Rights and the Rule of Law in Guatemala"
Allison Davenport, Latin
Human rights does not stand
alone in Guatemala. It is linked to other political and economic
issues facing the country, according to Guatemalan Human Rights
Leader Helen Mack.
"Security must be redefined
to mean not just national, but economic security," Mack said,
noting that 80 percent of Guatemalans live in poverty today,
as opposed to 70 percent just 15 years ago. Fiscal reform is
essential to sustaining the peace process, she said.
The president and founder
of the Myrna Mack Foundation, Mack spoke about human rights
and the rule of law in Guatemala following the 1996 Peace Accords
at the Institute of International Studies in November. Named
after Mack's sister, the Guatemalan anthropologist killed in
1990, The Myrna Mack Foundation advocates for judicial reform
and the establishment of law in the Central American country.
Her visit was sponsored by CLAS, The Department of Ethnic Studies
and The Human Rights Center.
Before Myna Mack's death,
widely considered to be by military forces, her work was dedicated
to showing the effects of the military's scorched earth campaign
against indigenous Mayan communities in the 1980's. "When Myrna
died, they killed the voice of displaced peoples," Helen Mack
Mack has carried on her
sister's crusade, defending those victimized by military repression
in the country. False police findings and attempts to bury
her sister's case prompted her to act. With the support of
the international and academic communities, pressure was put
on Guatemalan officials to forge an independent investigation
of her sister's murder.
The support and advocacy
work of UC Berkeley faculty were essential in pushing officials
to begin the investigation, she said. "It helped make the case
more than just another Guatemalan death," she said. As a result,
compared to other examples of human rights cases in the country,
her sister's has gone further in the judicial system than any
other and is the only one that has the possibility of being
brought to justice, she said.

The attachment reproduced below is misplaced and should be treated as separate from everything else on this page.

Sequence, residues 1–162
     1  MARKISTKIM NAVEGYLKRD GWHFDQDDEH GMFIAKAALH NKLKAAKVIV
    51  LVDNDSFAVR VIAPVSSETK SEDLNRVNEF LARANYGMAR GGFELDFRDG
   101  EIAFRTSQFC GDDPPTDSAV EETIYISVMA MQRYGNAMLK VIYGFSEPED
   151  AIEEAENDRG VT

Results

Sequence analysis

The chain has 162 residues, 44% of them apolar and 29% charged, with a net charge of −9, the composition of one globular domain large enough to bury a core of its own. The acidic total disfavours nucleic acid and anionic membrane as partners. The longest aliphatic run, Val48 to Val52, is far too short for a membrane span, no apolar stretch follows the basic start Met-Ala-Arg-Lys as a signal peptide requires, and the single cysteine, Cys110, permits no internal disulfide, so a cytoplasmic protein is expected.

Despite the unprecedented
progress of her sister's case, the 1994 Defense of Human Rights
Treaty and the 1996 Peace Accords, Helen Mack questions whether "the
judicial system can be strengthened if there is no political
will." In her estimation, 99 percent of the country has been
effected by violence.
And, the most recent attempt
to heal the country - last year's Project for the Recovery
of Historical Memory organized by the Catholic Church - brought
on another round of violence when Bishop Juan Jose Gerardi
was brutally murdered following the release of his report,
which was critical of government officials. As in the Mack
case, police officials have made a succession of false explanations
for Gerardi's death, including a crime of passion by a gay
lover and fellow priest.
"All of the players in
the Gerardi case are linked to the military," Mack said, adding
that the murder was both an indication of the military's continuing
impunity and a declaration by these forces that "If we can
kill a bishop, we can kill anybody."
Mack acknowledges the
progress and the success of many efforts to stabilize and heal
the country. But she said, "The Peace Accords are only the
base of the discussion about the society we want." The fear
to organize and speak out remain in a nation where people are
threatened with violence for any seeming opposition. "More
space, more consciousness [is needed] to reclaim the space
that impacts public opinion," she said.